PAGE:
Traditional Romanian food is dishes like sarmale (cabbage or vine leaves stuffed with meat, rice and vegetables), polenta, Ciorb (żurek) and Transylvanian goulash, which is cooked for eight hours in a wood-fired oven. Two restaurants in the historic center are suitable for this: Lacrimi și Sfinti and Hanu’ lui Manuc. When it comes to street food, there are plenty of them saorm (shawarma) thanks to the Turkish population and for something more contemporary I like fresh noodles at 18Lounge. They do it too papanasi, one of the greatest Romanian desserts: a donut filled with sweet fresh cheese (similar to ricotta) and topped with sour cream and jam. At Therme Spa, Mango Tree Café serves plant-based mains and Thai dishes, but is also known for its colorful vegan desserts, such as the Mango Mess, made with meringue, mango, kiwi and papaya.
A classic Bucharest gallery is the Romanian National Art Museum in Revolution Square, while the sprawling Carturesti Carousel bookstore, housed in a former early 20th-century bank, is a relaxing place to visit. But the place that inspires me the most is the National Museum of the Romanian Peasant. It is the country’s largest collection of peasant artifacts and tells us why Romania is such a mix of cultures, from the Romans to the Turks to the Austro-Hungarian Empire. It shows how our homes vary from north to south, while the thousands of items on display include ceramics, furniture, ironware and tapestries.
Like pizza, Bucharest is divided into six sectors. I grew up in Pantelimon, a working-class Sector 2 neighborhood with many nationalities. But the most beautiful neighborhood is the northern part of Bucharest, Sector 1, which includes the affluent neighborhood of Primăverii: I take visitors there just to show them the diverse architecture, old and new. We then stop at the Cișmigiu Gardens for a coffee near the lake, which is over a kilometer long, before walking to the Arcul de Triumf, modeled on Paris. And from Cișmigiu it’s an easy walk to the old center.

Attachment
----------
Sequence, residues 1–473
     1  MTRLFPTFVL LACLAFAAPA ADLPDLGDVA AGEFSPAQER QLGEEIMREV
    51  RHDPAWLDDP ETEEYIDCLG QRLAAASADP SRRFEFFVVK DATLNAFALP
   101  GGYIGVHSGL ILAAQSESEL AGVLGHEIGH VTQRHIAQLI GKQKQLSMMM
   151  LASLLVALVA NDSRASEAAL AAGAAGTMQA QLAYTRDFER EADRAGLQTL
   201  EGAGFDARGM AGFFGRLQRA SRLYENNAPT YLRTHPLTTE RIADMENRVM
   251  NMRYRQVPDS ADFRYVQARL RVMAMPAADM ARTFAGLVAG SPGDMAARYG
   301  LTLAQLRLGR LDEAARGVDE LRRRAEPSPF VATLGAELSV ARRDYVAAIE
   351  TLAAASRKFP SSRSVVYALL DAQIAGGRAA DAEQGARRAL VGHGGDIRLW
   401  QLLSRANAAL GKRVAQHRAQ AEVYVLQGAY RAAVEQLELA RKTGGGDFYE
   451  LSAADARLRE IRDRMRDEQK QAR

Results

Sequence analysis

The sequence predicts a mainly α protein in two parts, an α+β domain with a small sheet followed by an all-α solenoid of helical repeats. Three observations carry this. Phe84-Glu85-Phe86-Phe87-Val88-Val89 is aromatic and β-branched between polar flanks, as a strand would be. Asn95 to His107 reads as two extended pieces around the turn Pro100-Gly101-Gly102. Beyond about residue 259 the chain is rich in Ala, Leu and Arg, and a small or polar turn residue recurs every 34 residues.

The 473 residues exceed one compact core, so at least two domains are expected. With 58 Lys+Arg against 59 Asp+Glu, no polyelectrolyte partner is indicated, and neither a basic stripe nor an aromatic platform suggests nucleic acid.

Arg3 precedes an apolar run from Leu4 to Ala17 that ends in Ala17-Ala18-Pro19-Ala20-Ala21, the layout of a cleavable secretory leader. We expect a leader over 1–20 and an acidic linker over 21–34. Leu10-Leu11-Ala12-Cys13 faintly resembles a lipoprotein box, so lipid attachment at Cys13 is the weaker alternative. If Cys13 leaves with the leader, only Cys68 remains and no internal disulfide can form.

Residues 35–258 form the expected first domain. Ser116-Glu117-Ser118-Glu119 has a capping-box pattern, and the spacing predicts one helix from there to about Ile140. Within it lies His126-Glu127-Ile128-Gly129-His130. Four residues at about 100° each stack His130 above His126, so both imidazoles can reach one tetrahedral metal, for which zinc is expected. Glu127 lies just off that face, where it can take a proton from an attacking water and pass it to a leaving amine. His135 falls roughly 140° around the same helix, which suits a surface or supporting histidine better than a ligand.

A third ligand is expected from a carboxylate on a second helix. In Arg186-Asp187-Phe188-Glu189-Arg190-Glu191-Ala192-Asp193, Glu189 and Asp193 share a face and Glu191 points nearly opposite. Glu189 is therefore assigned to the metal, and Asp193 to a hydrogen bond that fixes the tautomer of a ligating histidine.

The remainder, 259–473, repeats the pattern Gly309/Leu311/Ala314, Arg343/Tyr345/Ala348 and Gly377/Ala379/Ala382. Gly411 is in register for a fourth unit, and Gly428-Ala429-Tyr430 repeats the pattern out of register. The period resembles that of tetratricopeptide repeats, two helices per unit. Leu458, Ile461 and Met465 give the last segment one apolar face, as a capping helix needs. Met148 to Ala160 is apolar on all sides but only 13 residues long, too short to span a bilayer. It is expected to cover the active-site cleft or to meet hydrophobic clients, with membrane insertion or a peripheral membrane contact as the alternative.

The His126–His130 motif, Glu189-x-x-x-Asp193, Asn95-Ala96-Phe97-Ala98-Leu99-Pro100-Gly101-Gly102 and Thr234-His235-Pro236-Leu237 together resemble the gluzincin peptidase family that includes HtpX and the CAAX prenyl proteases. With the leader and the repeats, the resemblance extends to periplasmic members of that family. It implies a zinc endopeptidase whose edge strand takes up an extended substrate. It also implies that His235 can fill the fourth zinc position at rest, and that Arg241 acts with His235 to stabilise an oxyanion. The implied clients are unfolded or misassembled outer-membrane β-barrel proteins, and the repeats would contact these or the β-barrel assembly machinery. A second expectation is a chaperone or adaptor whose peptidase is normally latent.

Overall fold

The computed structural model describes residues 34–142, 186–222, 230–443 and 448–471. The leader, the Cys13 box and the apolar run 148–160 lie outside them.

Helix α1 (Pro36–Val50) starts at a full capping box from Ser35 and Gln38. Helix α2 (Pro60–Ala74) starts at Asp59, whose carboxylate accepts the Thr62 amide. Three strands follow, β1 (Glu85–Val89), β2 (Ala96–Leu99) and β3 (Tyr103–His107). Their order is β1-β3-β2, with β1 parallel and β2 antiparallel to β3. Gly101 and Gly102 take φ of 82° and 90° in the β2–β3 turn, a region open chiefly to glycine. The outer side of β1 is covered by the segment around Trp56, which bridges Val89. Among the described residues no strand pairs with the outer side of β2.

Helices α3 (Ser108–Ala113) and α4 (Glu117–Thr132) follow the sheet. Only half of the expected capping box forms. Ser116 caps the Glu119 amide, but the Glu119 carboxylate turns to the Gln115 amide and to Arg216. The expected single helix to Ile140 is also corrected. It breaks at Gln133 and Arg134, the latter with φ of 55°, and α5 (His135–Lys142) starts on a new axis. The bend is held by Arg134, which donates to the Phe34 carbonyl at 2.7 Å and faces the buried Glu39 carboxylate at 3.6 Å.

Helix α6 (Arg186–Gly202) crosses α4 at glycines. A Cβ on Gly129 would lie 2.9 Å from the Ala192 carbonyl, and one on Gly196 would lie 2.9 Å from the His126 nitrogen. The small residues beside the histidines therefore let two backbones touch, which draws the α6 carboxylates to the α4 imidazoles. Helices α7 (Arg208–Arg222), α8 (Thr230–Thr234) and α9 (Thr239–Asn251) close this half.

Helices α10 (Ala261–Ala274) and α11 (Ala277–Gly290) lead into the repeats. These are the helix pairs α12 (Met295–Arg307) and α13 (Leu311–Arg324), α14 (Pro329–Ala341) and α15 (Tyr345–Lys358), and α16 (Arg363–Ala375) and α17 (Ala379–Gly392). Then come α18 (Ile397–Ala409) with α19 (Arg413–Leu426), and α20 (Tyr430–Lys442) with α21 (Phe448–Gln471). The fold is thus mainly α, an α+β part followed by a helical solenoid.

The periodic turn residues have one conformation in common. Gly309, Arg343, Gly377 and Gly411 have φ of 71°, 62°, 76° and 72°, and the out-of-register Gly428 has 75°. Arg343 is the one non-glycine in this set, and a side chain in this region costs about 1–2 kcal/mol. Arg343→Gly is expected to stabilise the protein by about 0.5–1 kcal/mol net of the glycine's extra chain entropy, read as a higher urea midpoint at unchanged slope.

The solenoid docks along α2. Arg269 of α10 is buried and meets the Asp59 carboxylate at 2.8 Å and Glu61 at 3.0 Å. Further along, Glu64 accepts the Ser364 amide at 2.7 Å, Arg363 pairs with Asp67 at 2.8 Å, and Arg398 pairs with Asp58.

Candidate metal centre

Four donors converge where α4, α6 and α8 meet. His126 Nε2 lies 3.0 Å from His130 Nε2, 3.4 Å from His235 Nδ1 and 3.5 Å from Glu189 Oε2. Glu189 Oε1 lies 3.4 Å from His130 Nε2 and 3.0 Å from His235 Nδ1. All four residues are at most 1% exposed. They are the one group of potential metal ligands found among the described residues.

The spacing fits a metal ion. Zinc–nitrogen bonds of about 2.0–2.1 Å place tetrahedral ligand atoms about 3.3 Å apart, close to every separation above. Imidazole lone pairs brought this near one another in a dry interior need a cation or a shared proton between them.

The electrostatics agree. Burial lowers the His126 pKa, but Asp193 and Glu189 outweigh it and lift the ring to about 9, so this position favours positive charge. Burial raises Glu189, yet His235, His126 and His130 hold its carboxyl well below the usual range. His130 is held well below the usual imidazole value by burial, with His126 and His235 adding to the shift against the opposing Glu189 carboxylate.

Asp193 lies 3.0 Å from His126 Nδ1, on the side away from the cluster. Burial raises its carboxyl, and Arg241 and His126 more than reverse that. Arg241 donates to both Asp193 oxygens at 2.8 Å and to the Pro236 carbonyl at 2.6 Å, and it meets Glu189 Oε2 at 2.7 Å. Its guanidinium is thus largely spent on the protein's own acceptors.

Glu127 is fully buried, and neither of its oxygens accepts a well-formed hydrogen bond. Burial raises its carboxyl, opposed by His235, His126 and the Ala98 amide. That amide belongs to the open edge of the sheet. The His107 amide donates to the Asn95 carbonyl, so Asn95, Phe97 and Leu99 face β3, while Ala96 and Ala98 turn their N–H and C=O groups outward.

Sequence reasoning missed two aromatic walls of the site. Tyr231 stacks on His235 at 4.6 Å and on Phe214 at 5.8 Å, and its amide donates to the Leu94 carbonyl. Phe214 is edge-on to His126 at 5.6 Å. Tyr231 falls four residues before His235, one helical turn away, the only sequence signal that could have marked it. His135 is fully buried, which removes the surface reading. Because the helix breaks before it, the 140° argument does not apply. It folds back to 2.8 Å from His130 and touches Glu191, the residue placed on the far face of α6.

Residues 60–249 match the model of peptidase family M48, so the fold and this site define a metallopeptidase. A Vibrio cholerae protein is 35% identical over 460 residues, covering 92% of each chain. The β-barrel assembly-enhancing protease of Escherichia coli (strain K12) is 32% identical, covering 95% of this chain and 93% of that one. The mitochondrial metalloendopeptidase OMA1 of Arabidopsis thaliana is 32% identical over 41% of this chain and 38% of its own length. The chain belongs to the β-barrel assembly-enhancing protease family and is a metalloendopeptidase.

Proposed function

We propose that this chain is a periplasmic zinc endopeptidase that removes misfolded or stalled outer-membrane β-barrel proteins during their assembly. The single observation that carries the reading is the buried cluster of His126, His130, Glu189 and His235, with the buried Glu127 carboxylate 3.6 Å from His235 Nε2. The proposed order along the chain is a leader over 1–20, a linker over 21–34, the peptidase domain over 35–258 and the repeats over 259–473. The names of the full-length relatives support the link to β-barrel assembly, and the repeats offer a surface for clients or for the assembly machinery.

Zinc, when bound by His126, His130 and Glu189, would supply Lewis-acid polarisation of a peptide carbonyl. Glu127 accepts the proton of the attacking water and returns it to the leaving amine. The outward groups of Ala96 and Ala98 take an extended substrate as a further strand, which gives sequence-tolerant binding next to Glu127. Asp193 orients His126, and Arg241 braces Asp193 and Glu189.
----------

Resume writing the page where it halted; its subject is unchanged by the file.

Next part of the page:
Each sector has its green areas, but my favorite is Parcul Alexandru Ioan Cuza, known as Titan Park, in sector 3. It is one of the largest in Bucharest, with a nice wooden church and a lake that I regularly run around. It is located among many skyscrapers, thanks to which residents can enjoy fresh air and quiet corners. Then Trattoria Monza near the park serves Italian food at really affordable prices.
A Romanian evening means going from one pub or bar to another: it’s like a journey, we never stay in one place. There is loud music and everywhere is open late, until two or four in the morning. For cocktails try Freddo or Interbelic, the best clubs are BoA and Loft and Control is a great live music venue. My tip is the huge brewery bar Beraria H where you can enjoy local beer: in an old warehouse, with live musicians and communal platters filled with sausages, meat and vegetables.
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Old Town Boutique (from €80, room only) is convenient, affordable and well located for shopping. Autograph by Marriott has just reopened in the Art Deco Marmorosch building; I like going there for dinner or for a massage, although the rooms cost around 150 euros. Vienna House is close to Therme and the airport, with double rooms from €71, room only.
Cosmin Cîrîc is the wellness manager at Therme Bucharest thermal spa with mineral water pools, saunas, slides and tropical parks